After missing the 2011 season due to drug-related visa problems, the 30-year-old Belisario has been workhorse in Don Mattingly’s bullpen. He’s pitched to a 3.24 ERA (3.36 FIP) in 139 innings over the last two years while relying on a heavy mid-90s sinker that has gotten a ground ball 62.8% of the time. The sinker doesn’t really miss bats (7.60 K/9) and location can be an issue at times (3.69 BB/9), but at least he keeps the ball in the park (0.39 HR/9 and 9.2% HR/FB) and can hold his own again lefties (.320 wOBA against). Like Axford, Belisario would remain under team control as an arbitration-eligible player through 2016, though he figures to come much cheaper as a non-former closer. I was surprised to see the Dodgers non-tender him (that makes me wonder what they know that everyone else doesn’t) but Belisario a versatile and durable reliever, and that’s something every team needs.
I’ve always liked Webb, who is a classic “the results don’t match the stuff” guy. His low-to-mid-90s two-seamer runs all over the place and his low-80s slider looks like it should miss bats, but batters have consistently squared him up. Since landing with the Marlins three years ago, Webb has a 3.34 ERA (3.50 FIP) in 191.1 innings with a very good ground ball rate (56.0%) but unimpressive strikeout (6.07 K/9) and walk (3.15 BB/9) rates. His platoon split is manageable (.321 wOBA against lefties and .296 against righties). Pitching coach Larry Rothschild has a history of improving strikeout rates, so maybe he could help Webb turn that nasty stuff into better results. At worst, he’s a decent middle reliever, but I think the 27-year-old has some untapped potential and is something of an upside play.
With Boone Logan likely leaving as a free agent, the Yankees figure to cast a wide net and target a bunch of lower cost players to compete for the lefty reliever spot. Wright, 28, is a pure specialist, holding lefties to a .228/.313/.342 (.296 wOBA) line in his career while righties have tagged him for a .263/.356/.500 (.367 wOBA) line. His strikeout (10.42 K/9) and ground ball (55.3%) rates against same-side hitters are very good despite a soft upper-80s fastball and low-80s slider. Wright has been around for a while and figures to get a guaranteed contract somewhere, and that might not jibe with what New York wants to do at this position. I get the sense they’ll add some pieces via waivers and minor league deals and see what happens in camp between Cesar Cabral, David Huff, and whoever else. If they are willing to sign someone to a low cost big league deal, Wright could be the guy.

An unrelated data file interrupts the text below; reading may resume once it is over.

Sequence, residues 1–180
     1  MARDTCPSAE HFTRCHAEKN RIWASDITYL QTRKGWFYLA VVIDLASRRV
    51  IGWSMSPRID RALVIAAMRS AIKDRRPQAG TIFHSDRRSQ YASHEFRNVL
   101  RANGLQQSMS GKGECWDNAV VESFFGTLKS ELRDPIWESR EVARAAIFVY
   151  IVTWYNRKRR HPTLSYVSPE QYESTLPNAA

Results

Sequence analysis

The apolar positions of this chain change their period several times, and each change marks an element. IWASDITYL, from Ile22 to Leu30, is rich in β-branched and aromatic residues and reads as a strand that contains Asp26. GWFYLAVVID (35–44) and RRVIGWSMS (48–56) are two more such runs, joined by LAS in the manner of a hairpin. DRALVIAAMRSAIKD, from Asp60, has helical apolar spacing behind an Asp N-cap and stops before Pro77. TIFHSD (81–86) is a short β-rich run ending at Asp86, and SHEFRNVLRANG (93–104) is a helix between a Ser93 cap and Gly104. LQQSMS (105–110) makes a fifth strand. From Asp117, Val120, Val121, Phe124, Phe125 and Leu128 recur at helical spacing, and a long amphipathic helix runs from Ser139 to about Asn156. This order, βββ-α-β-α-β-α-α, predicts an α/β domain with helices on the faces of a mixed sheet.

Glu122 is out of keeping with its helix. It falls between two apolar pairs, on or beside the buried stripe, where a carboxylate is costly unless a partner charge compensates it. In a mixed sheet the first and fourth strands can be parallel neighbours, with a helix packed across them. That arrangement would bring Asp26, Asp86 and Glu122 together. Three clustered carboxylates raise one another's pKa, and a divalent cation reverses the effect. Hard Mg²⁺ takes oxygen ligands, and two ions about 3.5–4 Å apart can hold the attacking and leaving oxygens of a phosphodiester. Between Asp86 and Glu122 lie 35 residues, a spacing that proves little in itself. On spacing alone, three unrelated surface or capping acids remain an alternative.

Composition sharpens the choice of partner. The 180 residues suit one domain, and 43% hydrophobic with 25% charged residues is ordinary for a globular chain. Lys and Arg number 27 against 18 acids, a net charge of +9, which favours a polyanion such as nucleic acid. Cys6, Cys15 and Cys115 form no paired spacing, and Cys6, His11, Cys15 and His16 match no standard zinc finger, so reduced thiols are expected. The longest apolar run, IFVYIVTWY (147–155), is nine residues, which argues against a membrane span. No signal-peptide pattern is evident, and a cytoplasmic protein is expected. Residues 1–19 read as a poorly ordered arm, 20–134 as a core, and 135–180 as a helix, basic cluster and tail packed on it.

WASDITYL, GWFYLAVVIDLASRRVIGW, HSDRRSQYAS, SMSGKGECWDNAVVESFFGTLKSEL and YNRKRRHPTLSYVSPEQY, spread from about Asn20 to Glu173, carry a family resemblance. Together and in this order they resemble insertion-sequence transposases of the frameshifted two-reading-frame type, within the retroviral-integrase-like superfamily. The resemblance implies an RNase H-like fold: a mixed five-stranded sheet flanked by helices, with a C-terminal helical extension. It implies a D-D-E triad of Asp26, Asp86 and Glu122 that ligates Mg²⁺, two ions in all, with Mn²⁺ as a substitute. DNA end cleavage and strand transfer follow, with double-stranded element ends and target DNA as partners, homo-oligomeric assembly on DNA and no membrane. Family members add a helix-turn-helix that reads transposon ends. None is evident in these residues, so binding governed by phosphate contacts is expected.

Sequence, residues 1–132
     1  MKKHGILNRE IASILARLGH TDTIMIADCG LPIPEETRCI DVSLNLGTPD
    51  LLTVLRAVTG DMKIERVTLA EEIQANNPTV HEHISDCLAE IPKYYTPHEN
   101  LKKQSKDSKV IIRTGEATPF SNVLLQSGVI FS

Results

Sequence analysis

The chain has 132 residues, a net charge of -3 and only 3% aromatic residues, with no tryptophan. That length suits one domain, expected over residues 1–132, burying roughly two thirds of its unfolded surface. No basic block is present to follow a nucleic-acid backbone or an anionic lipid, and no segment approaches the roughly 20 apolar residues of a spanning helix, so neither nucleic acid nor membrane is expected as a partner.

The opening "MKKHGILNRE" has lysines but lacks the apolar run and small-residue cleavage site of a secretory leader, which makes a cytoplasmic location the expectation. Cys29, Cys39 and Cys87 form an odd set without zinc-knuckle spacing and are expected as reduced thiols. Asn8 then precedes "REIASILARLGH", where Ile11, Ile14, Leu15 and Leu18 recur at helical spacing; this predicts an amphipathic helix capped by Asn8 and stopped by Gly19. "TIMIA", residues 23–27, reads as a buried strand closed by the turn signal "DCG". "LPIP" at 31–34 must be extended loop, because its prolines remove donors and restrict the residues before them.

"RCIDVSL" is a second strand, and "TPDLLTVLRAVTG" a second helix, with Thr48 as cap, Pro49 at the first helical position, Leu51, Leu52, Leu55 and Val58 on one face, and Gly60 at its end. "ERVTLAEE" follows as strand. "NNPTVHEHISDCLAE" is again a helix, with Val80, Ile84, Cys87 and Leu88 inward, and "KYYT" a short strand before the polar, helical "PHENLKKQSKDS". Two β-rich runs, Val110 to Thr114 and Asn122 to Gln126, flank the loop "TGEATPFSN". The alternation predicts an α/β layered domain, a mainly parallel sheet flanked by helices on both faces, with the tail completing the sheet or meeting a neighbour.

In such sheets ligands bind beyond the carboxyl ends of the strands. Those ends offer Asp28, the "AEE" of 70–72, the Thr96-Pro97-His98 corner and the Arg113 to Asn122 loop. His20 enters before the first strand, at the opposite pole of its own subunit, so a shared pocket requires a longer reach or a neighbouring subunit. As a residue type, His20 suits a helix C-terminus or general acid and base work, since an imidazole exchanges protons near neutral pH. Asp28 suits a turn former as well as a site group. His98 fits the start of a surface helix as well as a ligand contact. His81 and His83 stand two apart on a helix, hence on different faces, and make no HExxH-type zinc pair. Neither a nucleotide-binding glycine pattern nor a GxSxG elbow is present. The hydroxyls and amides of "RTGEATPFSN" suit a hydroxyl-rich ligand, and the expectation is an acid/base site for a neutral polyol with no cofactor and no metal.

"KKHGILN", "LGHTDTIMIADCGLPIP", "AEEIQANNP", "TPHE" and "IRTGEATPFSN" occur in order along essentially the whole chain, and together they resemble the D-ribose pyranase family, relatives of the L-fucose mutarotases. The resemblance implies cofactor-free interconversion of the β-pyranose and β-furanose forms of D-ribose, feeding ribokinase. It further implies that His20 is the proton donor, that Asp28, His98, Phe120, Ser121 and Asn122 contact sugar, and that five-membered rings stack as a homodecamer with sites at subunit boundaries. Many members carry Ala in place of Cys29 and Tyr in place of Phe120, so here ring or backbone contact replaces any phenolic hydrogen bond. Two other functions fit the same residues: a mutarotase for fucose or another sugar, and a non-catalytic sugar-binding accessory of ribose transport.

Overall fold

* * *
Some of the big name non-tenders like Andrew Bailey (shoulder capsule) and Daniel Hudson (Tommy John surgery twice in the last 17 months) come with major injury concerns and aren’t expected to be healthy enough to pitch until the second half of the season at the earliest. Given the nature of their injuries, I think 2015 is a more realistic target for a return. Others like Tommy Hanson and Dan Bard are too far removed from consistent success to warrant anything more than a minor league contract at this point. Everyone loves a good reclamation project, but the Yankees need healthy players who can actually help them come Opening Day right now given the state of the roster. Once they’ve brought in a few of those, they’ll be in better position to roll the dice on guys with something to prove.